Excluding three trick plays (two wide receiver passes and a jump pass on a bootleg to the left that was intercepted by Dinson), Tulane quarterback Justin McMillan dropped back to pass 36 times Saturday at Jordan-Hare Stadium. Auburn was credited with four “hurries” (defined as either forcing a quarterback to throw the ball under pressure or scramble), but that’s an inconsistent stat — the NCAA doesn’t count it among its official statistics, and not all teams even keep track.
Looking back at the film from Saturday’s game, Auburn pressured McMillan to throw early, throw off-balance or escape the pocket 12 times, or on exactly one-third of his dropbacks. The LSU transfer is athletic enough that he was able to avoid hits and stay on his feet throughout the night — he wound up rushing seven times for a team-high 54 yards — but he completed only 10 of 33 passes for 103 yards.
McMillan had completed 55.2 percent of his passes and averaged 186.7 yards and more than a touchdown per game over the past seven as Tulane’s starting quarterback coming into Saturday. He was sacked only seven times in those games.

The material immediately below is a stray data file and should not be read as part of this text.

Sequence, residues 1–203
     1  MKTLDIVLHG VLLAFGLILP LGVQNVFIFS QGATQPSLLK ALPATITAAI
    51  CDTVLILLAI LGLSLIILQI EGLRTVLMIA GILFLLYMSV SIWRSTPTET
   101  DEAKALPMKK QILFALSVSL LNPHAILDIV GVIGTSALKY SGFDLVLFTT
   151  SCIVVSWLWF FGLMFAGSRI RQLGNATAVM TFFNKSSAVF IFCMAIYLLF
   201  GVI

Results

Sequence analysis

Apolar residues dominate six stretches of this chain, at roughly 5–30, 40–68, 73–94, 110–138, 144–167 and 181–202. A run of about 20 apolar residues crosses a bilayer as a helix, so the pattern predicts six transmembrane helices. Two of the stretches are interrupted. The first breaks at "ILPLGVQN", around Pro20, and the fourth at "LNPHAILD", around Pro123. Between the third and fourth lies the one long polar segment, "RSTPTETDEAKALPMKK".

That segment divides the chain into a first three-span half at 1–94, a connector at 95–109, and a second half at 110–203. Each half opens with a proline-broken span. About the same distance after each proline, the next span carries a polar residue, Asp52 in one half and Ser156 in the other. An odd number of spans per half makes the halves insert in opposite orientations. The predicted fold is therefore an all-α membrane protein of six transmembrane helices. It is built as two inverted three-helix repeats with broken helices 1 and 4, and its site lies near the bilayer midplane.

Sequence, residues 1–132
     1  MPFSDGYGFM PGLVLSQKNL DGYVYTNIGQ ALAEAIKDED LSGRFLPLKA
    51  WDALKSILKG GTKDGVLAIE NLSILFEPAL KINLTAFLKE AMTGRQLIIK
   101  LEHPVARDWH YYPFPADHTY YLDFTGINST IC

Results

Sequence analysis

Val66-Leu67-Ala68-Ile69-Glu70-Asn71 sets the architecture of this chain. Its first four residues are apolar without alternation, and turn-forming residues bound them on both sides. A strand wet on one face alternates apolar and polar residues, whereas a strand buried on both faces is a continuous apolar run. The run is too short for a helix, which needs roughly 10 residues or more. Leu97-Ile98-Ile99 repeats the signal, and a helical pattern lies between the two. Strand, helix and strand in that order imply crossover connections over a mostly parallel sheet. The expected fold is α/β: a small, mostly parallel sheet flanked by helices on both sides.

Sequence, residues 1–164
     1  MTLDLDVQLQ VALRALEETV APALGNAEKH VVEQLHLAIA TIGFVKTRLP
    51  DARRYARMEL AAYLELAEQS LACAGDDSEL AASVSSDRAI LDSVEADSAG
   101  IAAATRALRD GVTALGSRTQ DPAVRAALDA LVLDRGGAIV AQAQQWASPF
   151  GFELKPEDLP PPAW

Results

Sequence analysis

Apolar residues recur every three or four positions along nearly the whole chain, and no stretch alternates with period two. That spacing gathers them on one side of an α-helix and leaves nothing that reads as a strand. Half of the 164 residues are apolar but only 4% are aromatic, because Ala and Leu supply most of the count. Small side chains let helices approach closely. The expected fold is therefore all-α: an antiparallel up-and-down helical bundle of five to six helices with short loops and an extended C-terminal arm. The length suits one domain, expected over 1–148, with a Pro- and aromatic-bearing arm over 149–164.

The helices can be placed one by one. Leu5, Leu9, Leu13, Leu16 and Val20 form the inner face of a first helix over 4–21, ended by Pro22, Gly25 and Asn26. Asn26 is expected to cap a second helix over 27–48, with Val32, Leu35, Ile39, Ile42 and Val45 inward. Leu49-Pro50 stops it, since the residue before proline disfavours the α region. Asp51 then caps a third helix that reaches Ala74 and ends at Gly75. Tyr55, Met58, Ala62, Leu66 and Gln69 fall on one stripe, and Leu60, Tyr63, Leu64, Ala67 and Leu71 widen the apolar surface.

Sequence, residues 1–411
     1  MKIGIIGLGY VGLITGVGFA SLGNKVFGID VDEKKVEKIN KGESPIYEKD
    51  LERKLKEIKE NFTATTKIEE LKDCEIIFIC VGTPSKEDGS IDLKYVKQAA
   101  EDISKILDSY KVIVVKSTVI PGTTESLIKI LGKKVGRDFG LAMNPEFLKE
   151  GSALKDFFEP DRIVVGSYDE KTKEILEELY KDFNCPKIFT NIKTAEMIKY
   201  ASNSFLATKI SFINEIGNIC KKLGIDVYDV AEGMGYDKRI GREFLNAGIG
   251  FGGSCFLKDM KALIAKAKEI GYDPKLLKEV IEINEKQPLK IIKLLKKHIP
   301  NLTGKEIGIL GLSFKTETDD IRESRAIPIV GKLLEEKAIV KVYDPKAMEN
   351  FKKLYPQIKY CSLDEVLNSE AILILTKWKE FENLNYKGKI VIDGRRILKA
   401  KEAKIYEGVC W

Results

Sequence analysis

“You had to stay committed to the rush lane, because even when you think he wants to run outside, he’ll come right back up the middle,” Brown said. “He’s very elusive back there, so we had to be able to chase that down and be able to just fly to the ball.”
Auburn did exactly that. The Green Wave finished the game with just 223 total yards on 64 plays, which is an average of 3.5 yards per play. They had only two drives of at least 40 yards (both of which resulted in field goals) and none longer than 50.
That’s obviously an improvement from a 27-21 victory in Week 1, where a ranked Oregon team totaled 332 yards on 70 plays (4.7 average) and put together three touchdown drives of more than 50 yards, but the Tigers’ defensive front was a significant factor in that game, too.
Ducks quarterback Justin Herbert — a first-round NFL draft prospect — completed 28 of 37 passes for 242 yards, but 10 of those attempts were quick throws to receivers behind the line of scrimmage, clearly an effort to negate the pass rush.